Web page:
In 1965, ten years after Britain commissioned the world’s first commercial nuclear power station at Calder Hall in 1956, global consumption of nuclear energy reached six million tonnes oil equivalent (Mtoe), amounting to 0.15% of the world’s total energy consumption from all sources. This rose steadily to a peak of 637 Mtoe in 2006, 6.0% of total consumption. The growth of nuclear power production was exponential in the first ten years after its commercial introduction in 1956, as would be expected for a new energy source. It then slowed down progressively to 10.9% a year by 1990, and has continued downwards to 1.8% a year. Then started declining from 2006, to fall by 1.3% between 2008 and 2009, to reach 611 Mtoe or 5.5% of total consumption.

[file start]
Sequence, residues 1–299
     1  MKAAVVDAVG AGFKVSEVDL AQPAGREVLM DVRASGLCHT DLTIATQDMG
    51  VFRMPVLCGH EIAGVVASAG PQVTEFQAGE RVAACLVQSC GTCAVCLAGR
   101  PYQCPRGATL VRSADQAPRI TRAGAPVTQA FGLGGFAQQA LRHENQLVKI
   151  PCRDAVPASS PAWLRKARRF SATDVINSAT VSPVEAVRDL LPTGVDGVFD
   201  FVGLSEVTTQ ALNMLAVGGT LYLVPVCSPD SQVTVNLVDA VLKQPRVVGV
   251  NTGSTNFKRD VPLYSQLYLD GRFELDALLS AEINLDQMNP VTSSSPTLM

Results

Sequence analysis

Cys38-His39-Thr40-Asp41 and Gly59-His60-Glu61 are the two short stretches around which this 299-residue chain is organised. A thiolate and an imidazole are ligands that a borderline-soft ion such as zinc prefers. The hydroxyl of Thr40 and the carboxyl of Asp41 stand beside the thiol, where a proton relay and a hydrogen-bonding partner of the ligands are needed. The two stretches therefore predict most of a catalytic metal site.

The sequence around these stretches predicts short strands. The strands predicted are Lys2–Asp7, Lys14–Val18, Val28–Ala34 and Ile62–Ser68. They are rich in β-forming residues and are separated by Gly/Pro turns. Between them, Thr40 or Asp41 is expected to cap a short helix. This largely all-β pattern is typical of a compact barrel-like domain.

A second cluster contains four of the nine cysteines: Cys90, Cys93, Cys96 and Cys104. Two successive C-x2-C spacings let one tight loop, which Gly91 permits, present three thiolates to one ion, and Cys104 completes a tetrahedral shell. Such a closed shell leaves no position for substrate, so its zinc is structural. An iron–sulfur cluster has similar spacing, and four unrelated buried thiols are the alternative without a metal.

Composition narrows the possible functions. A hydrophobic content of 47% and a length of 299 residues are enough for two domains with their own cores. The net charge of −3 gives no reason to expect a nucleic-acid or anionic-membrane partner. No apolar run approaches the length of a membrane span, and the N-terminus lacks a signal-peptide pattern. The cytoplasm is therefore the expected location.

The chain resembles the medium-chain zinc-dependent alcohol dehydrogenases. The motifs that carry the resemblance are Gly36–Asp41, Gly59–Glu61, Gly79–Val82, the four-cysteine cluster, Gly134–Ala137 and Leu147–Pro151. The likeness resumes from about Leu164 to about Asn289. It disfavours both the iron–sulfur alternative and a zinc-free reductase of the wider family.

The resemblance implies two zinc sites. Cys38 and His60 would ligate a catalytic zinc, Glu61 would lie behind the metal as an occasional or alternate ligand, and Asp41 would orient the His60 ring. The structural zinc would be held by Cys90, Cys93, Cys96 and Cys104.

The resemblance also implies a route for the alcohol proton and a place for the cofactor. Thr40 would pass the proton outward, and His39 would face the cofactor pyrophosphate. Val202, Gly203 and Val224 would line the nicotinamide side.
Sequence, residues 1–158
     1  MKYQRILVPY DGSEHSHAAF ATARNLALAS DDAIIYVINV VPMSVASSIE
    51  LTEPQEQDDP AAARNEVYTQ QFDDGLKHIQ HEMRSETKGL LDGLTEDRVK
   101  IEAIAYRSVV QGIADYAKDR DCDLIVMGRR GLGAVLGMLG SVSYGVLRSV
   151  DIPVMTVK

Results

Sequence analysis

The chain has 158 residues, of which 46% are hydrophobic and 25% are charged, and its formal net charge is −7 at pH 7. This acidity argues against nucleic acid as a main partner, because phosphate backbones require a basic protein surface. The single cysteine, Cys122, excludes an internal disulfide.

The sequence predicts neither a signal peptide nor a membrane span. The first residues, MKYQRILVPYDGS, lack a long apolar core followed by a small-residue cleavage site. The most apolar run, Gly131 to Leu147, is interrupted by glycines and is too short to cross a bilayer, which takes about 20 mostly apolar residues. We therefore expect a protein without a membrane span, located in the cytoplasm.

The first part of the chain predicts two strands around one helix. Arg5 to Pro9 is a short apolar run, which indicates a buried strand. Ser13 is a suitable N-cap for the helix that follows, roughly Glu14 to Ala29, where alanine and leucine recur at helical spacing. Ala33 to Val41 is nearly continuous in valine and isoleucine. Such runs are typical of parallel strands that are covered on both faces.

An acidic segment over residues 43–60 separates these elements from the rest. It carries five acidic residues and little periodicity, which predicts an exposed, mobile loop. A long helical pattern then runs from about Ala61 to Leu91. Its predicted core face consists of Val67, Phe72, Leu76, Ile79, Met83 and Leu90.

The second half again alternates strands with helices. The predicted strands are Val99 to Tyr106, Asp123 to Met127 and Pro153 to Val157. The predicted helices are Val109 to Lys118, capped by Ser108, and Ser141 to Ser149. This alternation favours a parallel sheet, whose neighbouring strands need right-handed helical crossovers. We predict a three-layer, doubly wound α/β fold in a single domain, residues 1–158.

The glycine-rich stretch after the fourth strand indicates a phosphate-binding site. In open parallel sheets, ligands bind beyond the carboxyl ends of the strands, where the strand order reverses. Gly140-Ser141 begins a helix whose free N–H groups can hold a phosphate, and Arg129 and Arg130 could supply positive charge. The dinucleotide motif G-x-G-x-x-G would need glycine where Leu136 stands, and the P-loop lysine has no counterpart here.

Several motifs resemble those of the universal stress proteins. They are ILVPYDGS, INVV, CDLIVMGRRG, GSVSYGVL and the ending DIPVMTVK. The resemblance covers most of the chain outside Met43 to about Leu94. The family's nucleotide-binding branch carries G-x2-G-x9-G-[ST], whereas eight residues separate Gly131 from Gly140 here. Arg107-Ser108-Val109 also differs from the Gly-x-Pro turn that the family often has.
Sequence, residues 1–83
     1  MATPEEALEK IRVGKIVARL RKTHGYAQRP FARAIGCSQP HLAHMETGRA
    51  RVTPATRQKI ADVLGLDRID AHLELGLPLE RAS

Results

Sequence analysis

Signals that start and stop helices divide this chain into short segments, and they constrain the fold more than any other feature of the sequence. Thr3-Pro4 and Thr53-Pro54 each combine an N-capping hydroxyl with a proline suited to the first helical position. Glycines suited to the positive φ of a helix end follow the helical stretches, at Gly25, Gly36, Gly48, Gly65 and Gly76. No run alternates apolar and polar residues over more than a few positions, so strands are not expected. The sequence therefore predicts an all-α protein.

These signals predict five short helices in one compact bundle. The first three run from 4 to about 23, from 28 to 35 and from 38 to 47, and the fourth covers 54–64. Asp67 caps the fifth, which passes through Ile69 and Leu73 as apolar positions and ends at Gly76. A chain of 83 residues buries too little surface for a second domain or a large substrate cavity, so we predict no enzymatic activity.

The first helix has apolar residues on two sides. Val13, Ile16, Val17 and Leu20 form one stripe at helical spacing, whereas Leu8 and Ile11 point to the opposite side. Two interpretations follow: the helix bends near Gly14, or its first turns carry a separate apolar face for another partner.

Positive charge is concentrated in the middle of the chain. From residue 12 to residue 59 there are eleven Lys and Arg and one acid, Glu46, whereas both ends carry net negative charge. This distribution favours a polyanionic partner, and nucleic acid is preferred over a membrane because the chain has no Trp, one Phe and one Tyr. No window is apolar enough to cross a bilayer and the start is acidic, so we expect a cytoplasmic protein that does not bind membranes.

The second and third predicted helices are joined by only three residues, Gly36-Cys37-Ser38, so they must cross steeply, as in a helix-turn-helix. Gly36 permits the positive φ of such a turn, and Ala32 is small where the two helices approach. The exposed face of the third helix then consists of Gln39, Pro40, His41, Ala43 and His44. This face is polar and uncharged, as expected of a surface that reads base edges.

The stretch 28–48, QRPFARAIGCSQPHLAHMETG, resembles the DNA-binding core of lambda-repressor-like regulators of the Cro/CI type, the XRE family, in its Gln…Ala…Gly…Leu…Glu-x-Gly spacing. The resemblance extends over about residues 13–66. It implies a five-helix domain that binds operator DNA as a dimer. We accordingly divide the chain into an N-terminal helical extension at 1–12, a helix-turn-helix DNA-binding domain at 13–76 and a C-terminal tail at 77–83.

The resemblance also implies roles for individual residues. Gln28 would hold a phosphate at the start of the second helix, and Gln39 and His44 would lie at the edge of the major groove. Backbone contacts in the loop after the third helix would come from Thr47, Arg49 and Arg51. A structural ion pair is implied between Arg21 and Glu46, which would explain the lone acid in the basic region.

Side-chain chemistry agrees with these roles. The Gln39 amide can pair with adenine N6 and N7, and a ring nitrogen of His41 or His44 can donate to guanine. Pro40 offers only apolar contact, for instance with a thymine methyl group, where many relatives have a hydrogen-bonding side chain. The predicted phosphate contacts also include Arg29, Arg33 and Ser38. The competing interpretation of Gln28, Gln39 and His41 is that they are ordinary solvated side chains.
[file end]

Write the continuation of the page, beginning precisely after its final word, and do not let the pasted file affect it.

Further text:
Nuclear capacity has been operated at much high load factors than thermal or hydro plants, averaging around 79% today. More than one quarter of the world’s reactors have load factors of more than 90%, and two thirds do better than 75%, compared with about a quarter of them in 1990. Some of these figures suggest near-maximum utilisation, given that most reactors have to shut down every 18 to 24 months for fuel change and routine maintenance.
The first nuclear reactors to be shutdown were in the US, when the CVTR station was closed in 1967, with Elk River and Bonus closing in 1968. In total 125 reactors in totalling 37,794 MW capacity has been shutdown. Further closures are in the pipeline, either because plants have reached the end of their design lives, they are judged to be safety risks or because political decisions have been taken to abandon nuclear power.